Several popular movies starring Audrey Hepburn and Elizabeth Taylor –set in exotic locales, and featuring gorgeous Italian fashions, gave purchase to the need of European and American women to mimic the style of these glamorous Hollywood stars. They also wanted to possess beautiful couture without paying the outrageous Paris prices.
Chic women could do so by buying Italian.
In addition, several high end department stores clambered for these new collections, making them even more accessible to the many fashionable women enjoying post war prosperity.
Walking through the collection, one can sense the influence of Dior, Schiaparelli and the American genius Charles James. Sumptuous fabrics, brilliant engineering and clean lines. The glorious use of color, as seen in the ombre evening gown by Emilio Shuberth. Lush satin softens the tailored lines of an evening gown by Alberto Fabiani, the back delights with a huge feminine bow and short train, softening the look. The dress is drop dead elegant, and a favorite of the road tripping dynamic duo.
As the power of the Italian houses grew, Milan surpassed Florence as the fashion center and the use of detail and bling grew as the hallmark of Italian couture.
Vintage Italian Dressing | Three Blings in the Fountain
Liberal use of diamantes, sequins and intricate beading bring the bling. Luscious metallic fabrics lend an old world feel to more contemporary styles. Italy positively glitters. Bright colors and avant garde cuts creep into collections – definitely setting the Italians apart.
The glamorous FLOTUS Jackie Kennedy and other notables fuel Italian couture’s popularity – it’s fresh, new and remains more affordable. These burgeoning designers take risks and experiment – creating truly original pieces. The collections begin to flourish as never before, there is now a definite “look” and “feel” to Italian design.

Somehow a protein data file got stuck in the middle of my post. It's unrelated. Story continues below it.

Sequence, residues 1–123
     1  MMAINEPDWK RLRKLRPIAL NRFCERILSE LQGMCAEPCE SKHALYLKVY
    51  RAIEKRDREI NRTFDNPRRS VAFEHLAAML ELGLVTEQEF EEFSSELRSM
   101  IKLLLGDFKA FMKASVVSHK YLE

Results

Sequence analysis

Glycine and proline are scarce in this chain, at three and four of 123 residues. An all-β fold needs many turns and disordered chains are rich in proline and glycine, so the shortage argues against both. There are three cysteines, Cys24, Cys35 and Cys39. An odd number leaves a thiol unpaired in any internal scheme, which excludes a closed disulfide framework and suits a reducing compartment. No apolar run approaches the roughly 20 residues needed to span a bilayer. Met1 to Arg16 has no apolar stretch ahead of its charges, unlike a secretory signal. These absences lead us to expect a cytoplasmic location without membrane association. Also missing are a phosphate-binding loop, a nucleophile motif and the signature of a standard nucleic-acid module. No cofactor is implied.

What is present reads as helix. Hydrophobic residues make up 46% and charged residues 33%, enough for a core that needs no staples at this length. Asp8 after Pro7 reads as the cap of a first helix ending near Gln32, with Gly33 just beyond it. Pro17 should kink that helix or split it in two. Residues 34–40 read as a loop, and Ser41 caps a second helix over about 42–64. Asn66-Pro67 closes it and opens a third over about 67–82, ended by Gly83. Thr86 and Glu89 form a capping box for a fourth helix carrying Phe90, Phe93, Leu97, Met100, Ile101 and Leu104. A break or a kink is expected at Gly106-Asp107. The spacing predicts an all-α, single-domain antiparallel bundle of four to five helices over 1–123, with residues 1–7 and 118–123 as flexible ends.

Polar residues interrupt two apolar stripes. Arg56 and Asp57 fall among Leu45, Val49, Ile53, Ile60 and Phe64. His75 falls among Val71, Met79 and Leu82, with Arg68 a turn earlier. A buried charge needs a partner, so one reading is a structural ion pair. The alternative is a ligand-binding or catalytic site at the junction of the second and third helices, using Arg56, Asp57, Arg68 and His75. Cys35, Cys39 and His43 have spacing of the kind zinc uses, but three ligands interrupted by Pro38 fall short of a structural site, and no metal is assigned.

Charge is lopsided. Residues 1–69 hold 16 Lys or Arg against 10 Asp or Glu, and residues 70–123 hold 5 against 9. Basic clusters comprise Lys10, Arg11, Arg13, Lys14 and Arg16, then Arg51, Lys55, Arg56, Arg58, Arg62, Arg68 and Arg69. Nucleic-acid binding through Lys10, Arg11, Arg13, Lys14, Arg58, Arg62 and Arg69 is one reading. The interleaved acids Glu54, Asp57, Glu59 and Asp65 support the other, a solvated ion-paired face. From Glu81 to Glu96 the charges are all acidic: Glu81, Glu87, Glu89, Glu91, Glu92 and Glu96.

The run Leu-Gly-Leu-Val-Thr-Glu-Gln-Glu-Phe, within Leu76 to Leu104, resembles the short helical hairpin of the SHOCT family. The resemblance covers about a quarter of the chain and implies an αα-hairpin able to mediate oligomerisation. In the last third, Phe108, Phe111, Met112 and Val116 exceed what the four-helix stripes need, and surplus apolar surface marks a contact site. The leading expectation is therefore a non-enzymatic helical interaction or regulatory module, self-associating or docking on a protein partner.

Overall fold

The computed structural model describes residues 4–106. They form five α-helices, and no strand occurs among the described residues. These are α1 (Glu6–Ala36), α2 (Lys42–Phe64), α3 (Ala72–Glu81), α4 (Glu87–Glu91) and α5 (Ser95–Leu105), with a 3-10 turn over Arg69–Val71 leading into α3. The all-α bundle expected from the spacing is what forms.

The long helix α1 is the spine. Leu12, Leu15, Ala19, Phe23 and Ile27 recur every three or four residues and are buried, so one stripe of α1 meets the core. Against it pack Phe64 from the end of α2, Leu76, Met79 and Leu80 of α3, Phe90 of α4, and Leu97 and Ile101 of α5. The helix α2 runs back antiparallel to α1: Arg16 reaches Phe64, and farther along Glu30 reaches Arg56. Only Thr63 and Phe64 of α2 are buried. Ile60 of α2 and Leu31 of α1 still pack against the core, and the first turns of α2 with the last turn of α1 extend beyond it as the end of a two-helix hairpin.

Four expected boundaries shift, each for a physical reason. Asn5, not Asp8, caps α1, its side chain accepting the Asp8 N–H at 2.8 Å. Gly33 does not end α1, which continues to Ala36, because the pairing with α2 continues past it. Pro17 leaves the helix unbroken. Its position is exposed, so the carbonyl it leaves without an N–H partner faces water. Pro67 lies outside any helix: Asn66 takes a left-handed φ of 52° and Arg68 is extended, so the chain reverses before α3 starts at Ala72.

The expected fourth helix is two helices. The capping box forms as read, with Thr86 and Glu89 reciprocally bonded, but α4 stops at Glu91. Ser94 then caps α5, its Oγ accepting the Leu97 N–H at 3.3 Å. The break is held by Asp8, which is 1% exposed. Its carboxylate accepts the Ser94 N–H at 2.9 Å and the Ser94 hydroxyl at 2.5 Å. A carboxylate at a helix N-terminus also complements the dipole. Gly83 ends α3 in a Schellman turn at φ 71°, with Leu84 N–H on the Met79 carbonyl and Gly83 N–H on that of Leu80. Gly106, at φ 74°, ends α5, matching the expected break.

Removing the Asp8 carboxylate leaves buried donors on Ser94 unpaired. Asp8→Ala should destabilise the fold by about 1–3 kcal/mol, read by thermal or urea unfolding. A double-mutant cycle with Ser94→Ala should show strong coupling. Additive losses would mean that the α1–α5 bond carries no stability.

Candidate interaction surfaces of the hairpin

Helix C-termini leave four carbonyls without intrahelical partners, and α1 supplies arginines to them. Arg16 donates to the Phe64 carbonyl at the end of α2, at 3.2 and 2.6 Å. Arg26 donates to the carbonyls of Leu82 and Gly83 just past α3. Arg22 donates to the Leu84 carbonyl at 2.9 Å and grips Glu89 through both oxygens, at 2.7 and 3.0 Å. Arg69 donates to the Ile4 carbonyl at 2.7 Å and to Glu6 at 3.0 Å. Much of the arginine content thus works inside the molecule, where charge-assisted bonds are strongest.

The beginning of the 1980’s explode with these instantly recognizable names: Missoni, Valentino , Versace and Dolce & Gabbana. Jewel encrusted shoes and dresses. Wildly embellished jackets paired with leather mini skirts and jeweled bustiers. Sensual leather evening gowns with bondage style open backs. Even the less embellished, more tailored pieces are interesting and off-center with asymmetrical hems, bold colors, cut out backs and deep slits.
It’s impossible to capture in words the transformation from the mousy, drab suits of wartime, to the glittering wearable works of art featured in the collections of today. With 90+ pieces in the exhibition, there’s not enough room on this page! It was nearly overwhelming – a vintage fashionista could spend hours walking the collection and day dreaming.
The exhibit is open through September 7th. So just a couple more weeks for the Viva Vintage Italia. If you have the time and inclination, a trip to Nashville is a must do.
To our dear readers: What Italian designers do you prefer? What influence to you feel they’ve had on fashion?
Thanks to: The Frist Center for the Visual Arts, metmuseum.org, wikipedia.org, The Victoria and Albert Museum, vogue.uk.com, Autograph Hotels and those who post their images freely on the internet. And of course, to my wonderful travel partner and mother, who indulges my love for all things vintage – this was our best trip ever!